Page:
Wednesday, 7 June 2017

Return to Hill 107

Saturday/Sunday 27th/28th May.

                        This was a quiet day involving taking a few photos around Rethymnon harbour as every time I came before I forgot my camera. Before indulging in my camera fest with all these boats around I indulged in my growing love for Greek coffee.The only bad thing about it is that the bottom half of the cup is just sludge.
This was the door to the Venitian lighthouse-f'ng sacrilidge

Lady Watson caught eyeing up the hunky waiters.
  We ventured back onto the beach for some more vitamin D before heading back to the hotel whereon Lady Watson was heading to the sauna for some hotstone treatment whatever that incurs.The price of vanity.
No trains on Crete they said.
You had me at Volkswagen

Can't get enough boats.

This is what Lady Watson said I could afford
The highlight of the evening was witnessing the arrival back from Santorini of the new seacat ferry which was in and out of the harbour in literally 15 minutes but she was a gorgeous beast that you could hear never mind see for miles due to her huge jet engines.

Beautiful beast

These passengers got off the ferry quicker than the Americans at Omaha beach.

And she disappears into the sunset.
                          Being that the Sunday was the anniversary of the British retreat from Crete I thought it would be apt to visit Maleme and the German military cemetery on Hill 107 the place where my blog title comes from.I have visited this place twice in the past six years and I still feel in awe of the place.I like it as it is so quiet as it should be where the only sounds were the birds and the distant sound of light aircraft taking off from nearby Maleme airfield the scene of all the mayhem all these years ago.
Where do I start?

Hill 107

The object of the battle.
                                       Going to Maleme from Rethymnon is proving to be a piece of cake as all it involves is a bus trip to Chania and a further short bus trip to Maleme then a short walk on a well posted road through the olive groves leading to the gate of the cemetery.
"Double Greek coffee please."

                                         I first stopped off at the Hill 107 cafe for a pick me up in the form of a double Greek coffee.You have to have a double as the coffee is half coffee and half sludge but it still tastes wonderful.

                                        When you climb the steps into the cemetery you are faced with a giant cross which points the way into  the well laid out lines of gravestones which to a non German would hark at typical German efficiency but radiates more a state of Teutonic harmony.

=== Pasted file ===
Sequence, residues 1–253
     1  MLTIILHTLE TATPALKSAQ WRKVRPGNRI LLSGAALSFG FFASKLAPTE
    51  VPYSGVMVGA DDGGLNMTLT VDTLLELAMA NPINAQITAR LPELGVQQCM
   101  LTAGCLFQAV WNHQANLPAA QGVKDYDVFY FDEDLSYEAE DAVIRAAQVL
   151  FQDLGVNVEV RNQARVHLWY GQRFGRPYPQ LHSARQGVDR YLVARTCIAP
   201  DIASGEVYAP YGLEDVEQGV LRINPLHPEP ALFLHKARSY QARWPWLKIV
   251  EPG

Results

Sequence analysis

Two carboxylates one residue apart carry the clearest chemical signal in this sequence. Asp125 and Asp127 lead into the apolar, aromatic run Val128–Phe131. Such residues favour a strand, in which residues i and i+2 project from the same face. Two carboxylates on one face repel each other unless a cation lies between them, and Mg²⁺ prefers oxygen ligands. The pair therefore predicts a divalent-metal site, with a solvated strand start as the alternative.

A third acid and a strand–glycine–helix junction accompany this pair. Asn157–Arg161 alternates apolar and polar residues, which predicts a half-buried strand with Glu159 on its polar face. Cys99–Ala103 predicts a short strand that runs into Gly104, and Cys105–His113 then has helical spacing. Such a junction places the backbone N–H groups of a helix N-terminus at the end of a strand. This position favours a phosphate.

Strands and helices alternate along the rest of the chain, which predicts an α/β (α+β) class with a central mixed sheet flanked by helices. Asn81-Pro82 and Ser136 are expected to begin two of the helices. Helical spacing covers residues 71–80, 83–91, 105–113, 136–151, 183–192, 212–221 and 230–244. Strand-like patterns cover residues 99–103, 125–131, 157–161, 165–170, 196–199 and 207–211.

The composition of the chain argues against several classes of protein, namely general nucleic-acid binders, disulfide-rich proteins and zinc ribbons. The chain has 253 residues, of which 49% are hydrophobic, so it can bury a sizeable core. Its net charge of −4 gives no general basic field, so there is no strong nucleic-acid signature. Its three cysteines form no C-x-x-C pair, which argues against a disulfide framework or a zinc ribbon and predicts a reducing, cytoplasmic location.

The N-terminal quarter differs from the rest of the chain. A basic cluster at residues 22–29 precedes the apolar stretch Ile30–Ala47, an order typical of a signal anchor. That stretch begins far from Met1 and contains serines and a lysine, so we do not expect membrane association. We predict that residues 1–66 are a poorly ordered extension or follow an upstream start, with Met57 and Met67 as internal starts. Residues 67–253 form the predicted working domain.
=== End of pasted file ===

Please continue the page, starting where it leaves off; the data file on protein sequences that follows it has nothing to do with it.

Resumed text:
Two unknown German soldiers

I believe Geistert means ghost ????
 The black marble gravestones lie flat in a heady haze of red flora giving the place a nice peaceful aura.There are memorials not only to the German  paratroop dead but also to German sailors who lost their lives around the island in a desperate attempt to reinforce the island by sea but were intercepted by the Royal Navy.

                                                There is also a memorial to 42 aircrew and soldiers who lost their lives in an aircrash on the snow covered Cretan mountains in 1975.

  The cemetery is situated on Hill 107 where the turning point of the battle of Crete occurred where for some still unknown reason allied soldiers left their position on the hill giving the Germans the opportunity to take the hill and allow reinforcements to land by aircraft sealing the fate of the island.
Recent ceremony
                                                   I spent a couple of peaceful hours wandering around the cemetery noting how how most of the paratroopers lost their lives within a couple of days.No wonder that Adolf decided on more large paratroop landings.Malta must have breathed a sigh of relief.
The plan for the drop on Maleme and it lasted until the first bullet.

Walter Koch -hero and gentleman
                                               If any would be historian comes to Crete I couldn't recommend this place enough.There is a display with maps,pictures and writing describing the mayhem and also the work done since then to bring all the remains together under one roof so to speak.
Greek politician who looks remarkably like a Scottish politician.
                                                I headed back down the hill towards Maleme stopping off at a Minoan tomb which is situated just off the road.An added bonus to my trip.

                                                No doubt I'll be back.

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